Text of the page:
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Attorney Carilyn Ibsen's Blog

about Criminal Defense in North Carolina and South Carolina


Sunday, October 23, 2011

Knowing When to Say No

My mother called me the other day and asked "Do you know when to say no?". She had been watching the case of People v. Conrad Murphy, the well known case against the doctor who administered Propofal to Michael Jackson at his home to help him sleep. The emergency doctor testified that his duty to a patient included the ability to recognize when something is outside of his area of practice. You call for help or you send the patient to a doctor who specializes in that area. The doctor testified that an emergency room doctor would never administer Propofal; the anesthesiologist would be called. Similarly, a  heart surgeon does not remove an appendix and a podiatrist does not test for allergies.

Most lawyers receive many phone calls throughout the course of the day. Their duty is the same. I get phone calls for a variety of issues. Recently a small business owner called with an issue with their bank. I don't sue banks. Someone else got fired from their job. Referred them to an employment attorney. Someone bought a house. Told them to find a real estate attorney and a good title insurance firm.

Nobody likes to turn away business. However, sometimes the duty to your client requires it.

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Sunday, October 2, 2011

The State of Education

Scott Greenfield of Simple Justice wrote an Op-ed piece for Newsday about the high school students who have been criminally charged in New York after they paid a recent graduate to take the SAT for them. Greenfield's piece touches on a controversial subject- at what point does a bad act become criminal enough that it should be prosecuted in a criminal courtroom. Have we punished the student enough by denying them entry into college? As Greenfield writes- they need punishment but not a scarlet letter. Many will disagree with this, but this story highlights a larger problem with our educational system- the test driven environment that rewards the student who answers the question correctly, not the student with character, problem solving ability or the individual thinker. Is the criminal justice system going to fix this?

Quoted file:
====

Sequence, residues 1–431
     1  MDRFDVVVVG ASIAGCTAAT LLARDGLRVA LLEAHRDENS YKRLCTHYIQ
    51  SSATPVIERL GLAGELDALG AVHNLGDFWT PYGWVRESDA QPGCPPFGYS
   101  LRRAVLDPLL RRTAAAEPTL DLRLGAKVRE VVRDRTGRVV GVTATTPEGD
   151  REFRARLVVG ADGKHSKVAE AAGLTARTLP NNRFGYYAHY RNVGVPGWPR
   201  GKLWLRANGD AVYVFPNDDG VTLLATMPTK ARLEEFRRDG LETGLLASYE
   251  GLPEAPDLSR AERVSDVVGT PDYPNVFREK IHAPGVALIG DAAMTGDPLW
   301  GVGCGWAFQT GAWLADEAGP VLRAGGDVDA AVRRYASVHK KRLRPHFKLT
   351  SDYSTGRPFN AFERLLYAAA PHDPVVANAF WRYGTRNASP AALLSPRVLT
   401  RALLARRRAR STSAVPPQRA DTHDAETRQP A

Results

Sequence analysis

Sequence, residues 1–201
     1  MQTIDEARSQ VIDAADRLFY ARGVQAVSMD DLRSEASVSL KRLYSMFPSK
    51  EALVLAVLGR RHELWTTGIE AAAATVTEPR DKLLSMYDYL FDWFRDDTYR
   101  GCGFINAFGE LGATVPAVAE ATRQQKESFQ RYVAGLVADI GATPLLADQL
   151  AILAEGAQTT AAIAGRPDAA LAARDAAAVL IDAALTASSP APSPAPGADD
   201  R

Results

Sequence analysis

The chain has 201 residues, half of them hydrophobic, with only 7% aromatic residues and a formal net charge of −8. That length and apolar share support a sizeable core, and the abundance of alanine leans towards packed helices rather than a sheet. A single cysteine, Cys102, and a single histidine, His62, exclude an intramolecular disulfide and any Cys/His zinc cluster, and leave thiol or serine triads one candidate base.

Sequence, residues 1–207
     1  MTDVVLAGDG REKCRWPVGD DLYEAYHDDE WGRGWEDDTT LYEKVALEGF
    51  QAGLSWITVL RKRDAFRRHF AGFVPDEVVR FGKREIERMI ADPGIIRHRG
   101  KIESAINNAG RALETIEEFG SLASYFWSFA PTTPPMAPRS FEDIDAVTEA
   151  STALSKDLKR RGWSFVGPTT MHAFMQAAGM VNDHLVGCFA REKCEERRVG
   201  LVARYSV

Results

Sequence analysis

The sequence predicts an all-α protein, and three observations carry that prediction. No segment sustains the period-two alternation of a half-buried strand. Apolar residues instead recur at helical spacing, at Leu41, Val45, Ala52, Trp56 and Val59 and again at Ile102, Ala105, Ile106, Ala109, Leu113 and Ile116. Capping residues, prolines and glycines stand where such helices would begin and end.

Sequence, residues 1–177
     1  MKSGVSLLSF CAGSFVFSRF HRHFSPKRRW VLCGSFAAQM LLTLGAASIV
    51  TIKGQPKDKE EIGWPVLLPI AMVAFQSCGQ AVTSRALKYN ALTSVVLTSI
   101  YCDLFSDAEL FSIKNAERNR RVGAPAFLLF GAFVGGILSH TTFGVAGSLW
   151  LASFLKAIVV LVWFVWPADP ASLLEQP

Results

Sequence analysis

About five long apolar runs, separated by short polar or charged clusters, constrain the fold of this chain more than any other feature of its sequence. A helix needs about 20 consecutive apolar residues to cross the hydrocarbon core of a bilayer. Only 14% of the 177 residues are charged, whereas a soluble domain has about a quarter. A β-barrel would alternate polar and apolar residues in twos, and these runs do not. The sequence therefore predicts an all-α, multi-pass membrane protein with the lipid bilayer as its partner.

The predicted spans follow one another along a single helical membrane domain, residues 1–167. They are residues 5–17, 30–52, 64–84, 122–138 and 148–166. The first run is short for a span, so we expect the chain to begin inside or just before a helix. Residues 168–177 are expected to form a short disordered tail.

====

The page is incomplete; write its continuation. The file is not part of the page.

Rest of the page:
I recently attended a screening of the documentary Race To Nowhere. This is  how the film is described on its website:
Featuring the heartbreaking stories of young people across the country who have been pushed to the brink, educators who are burned out and worried that students aren't developing the skills they need, and parents who are trying to do what's best for their kids. Race to Nowhere points to the silent epidemic in our schools: cheating has become commonplace, students have become disengaged, stress-related illnesses, depression and burnout are rampant, and young people arrive at either college or the workplace unprepared and uninspired. 
I could not help but think of this movie when I read about the case in New York. In the movie, students freely admit that cheating has become common in schools. I don't think anyone disagrees with Kathleen Rice's statement that cheating has become "more systemic than in just Great Neck North." Is higher security at the SAT going to fix this? Is the threat of criminal prosecution going to prevent it from happening? Even our teachers are cheating. Here is a link to the well known story in Atlanta. Schools are pressured to hit certain numbers; administrators and teachers are incentivized for higher test scores. We have created a system where the strength of our centers of learning and ultimately the success of their students is measured by test scores. Their funding is dependent on it. Should we expect our students to act any differently when the rules of the game are one dimensional?

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